Building a coaching philosophy depends on a combination of core beliefs and borrowing tactics from predecessors who have succeeded.

For Auburn coach Bruce Pearl, the latter part of that sentiment involved, early in his career, guidance on defensive principles from one of the best sources around.

“One of the very first videotapes I ever bought was Dick Bennett’s man-to-man defense,” Pearl said of the longtime coach known for defense at various college coaching stops, including Wisconsin. “And believe it or not, it was about pressuring the ball … [and] sending everything to the baseline.”

Those principles will be on display in Saturday’s semifinal in a fascinating matchup against Virginia on multiple fronts. Not only is Auburn’s greatest strength this season — creating turnovers — extremely difficult to do against the Cavaliers, but also Virginia happens to be coached by someone else pretty familiar with Dick Bennett’s methods: Tony Bennett, his son.

“I was like, ‘Why do you have to do these instructional videos back then?’ ” Tony Bennett said. “My dad, he’s an open book, as they say. He’s so honest. He just wants to help the game because the game’s been so good to him.”

How the turnover battle plays out very well might determine which team advances to Monday’s championship game.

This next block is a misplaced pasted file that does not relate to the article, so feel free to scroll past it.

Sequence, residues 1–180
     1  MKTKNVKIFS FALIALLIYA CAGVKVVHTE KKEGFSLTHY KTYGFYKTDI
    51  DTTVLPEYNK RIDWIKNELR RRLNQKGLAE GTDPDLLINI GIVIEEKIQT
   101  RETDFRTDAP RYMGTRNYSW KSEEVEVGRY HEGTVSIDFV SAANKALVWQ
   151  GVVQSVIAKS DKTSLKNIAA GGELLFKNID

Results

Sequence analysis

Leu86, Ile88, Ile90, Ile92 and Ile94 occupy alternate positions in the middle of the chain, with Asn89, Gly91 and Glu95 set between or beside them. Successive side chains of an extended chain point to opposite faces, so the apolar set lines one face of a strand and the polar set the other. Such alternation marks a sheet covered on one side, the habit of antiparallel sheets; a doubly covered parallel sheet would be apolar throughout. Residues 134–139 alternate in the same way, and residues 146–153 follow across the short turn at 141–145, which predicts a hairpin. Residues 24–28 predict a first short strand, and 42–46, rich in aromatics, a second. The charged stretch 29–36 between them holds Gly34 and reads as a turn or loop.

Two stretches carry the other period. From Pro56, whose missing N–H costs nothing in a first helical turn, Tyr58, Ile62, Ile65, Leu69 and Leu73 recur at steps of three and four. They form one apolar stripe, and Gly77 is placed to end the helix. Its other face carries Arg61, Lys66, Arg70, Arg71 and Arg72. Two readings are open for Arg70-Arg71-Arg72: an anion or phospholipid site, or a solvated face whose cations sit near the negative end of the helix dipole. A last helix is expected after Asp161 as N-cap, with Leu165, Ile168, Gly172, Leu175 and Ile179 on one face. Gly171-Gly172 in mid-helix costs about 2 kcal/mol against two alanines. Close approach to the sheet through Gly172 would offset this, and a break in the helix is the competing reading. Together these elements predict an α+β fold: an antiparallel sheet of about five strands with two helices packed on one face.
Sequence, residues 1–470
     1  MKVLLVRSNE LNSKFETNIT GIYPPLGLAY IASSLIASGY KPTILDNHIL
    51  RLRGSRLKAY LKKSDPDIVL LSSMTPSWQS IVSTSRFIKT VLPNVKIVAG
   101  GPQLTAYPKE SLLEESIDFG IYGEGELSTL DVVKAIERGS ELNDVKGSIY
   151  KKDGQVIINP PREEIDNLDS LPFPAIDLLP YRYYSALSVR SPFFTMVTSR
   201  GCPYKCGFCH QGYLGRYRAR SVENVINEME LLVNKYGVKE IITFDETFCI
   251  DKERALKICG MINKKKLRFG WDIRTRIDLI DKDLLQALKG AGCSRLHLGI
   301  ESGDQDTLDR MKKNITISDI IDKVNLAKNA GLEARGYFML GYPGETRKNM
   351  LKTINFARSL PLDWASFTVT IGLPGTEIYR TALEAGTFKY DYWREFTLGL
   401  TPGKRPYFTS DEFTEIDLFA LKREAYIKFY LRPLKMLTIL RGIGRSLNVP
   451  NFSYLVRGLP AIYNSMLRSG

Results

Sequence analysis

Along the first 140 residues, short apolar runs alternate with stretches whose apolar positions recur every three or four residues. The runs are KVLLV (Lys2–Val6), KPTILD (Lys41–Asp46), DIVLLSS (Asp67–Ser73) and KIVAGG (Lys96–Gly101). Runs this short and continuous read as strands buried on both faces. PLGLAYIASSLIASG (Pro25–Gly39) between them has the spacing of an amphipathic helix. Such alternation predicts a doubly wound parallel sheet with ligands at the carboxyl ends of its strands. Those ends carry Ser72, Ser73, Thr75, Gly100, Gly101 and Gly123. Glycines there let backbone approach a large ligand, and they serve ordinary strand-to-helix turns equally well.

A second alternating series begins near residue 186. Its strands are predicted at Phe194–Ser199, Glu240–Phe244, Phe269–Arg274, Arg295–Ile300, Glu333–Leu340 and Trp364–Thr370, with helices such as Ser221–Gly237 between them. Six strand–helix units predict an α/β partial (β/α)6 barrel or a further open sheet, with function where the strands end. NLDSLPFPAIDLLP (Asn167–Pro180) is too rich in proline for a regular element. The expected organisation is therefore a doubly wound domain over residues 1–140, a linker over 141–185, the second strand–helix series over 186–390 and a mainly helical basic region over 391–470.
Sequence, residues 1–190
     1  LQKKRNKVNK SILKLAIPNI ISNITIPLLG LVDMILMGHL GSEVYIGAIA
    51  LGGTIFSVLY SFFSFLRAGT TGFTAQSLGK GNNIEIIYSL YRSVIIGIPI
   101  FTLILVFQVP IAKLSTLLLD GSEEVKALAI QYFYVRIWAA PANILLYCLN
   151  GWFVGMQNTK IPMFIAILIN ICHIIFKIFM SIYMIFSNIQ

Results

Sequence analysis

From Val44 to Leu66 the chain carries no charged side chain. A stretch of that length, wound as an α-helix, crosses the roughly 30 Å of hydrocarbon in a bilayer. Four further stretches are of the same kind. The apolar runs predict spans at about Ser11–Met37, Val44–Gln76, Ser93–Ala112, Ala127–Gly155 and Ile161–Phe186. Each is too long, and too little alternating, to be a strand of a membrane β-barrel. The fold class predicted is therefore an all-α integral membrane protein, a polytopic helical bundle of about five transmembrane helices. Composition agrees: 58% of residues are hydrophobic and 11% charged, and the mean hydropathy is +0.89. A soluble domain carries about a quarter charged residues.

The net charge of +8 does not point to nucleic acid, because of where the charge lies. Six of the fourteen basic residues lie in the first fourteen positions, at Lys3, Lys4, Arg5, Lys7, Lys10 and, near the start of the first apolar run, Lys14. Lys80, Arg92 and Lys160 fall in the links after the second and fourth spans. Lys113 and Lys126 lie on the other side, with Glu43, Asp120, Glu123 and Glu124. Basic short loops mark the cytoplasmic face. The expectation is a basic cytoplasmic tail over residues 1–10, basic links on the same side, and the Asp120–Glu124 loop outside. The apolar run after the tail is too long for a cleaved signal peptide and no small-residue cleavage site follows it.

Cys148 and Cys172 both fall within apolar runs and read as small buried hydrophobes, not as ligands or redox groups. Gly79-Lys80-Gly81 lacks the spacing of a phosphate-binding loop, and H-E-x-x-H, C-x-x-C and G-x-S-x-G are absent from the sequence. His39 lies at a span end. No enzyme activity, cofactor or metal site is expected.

Auburn has generated turnovers on 24.9 percent of its opponents’ possessions this season — the highest rate in all of Division I men’s basketball, per KenPom.com. Not surprisingly, the Tigers are also No. 1 in steal rate at 13.3 percent. Auburn has won the turnover battle in all four NCAA games so far and has an overall edge of 60-37 in the tourney.

Virginia, though, is about as patient as any team in the country. The Cavaliers play at the slowest pace of all 353 Division I teams and are careful with the ball — turning it over on just 12.7 percent of possessions, seventh-lowest in college basketball.

So how does Auburn reconcile its strength and Virginia’s strength?

“The more you try to turn them over, the better you make their offense,” Pearl said. “So the challenge for me is do we do what got us here, or do we play them the way you need to play them in order to be able to contain that system.”

It’s a challenge players say they’re willing to accept.

“We’ve been playing fast this whole tournament and we’re just going to keep trying to play fast and make them speed up and make turnovers,” said Auburn junior Danjel Purifoy. “That’s how we’re going to win the game.”

If it can’t force turnovers, it might put pressure on Auburn to score points in a half-court setting — but the Tigers are no slouches in that category. They are No. 6 in the country in adjusted offensive efficiency, and they make 38.3 percent of their three-point attempts — good for No. 15 nationally.

Virginia is strong in both categories, too. Could there be a shootout between these two teams? What in the name of Dick Bennett is going on here?

“The rims are soft,” Pearl said after his team got a chance to get up a bunch of shots Thursday at U.S. Bank Stadium. “I think the shooting percentages will be good.”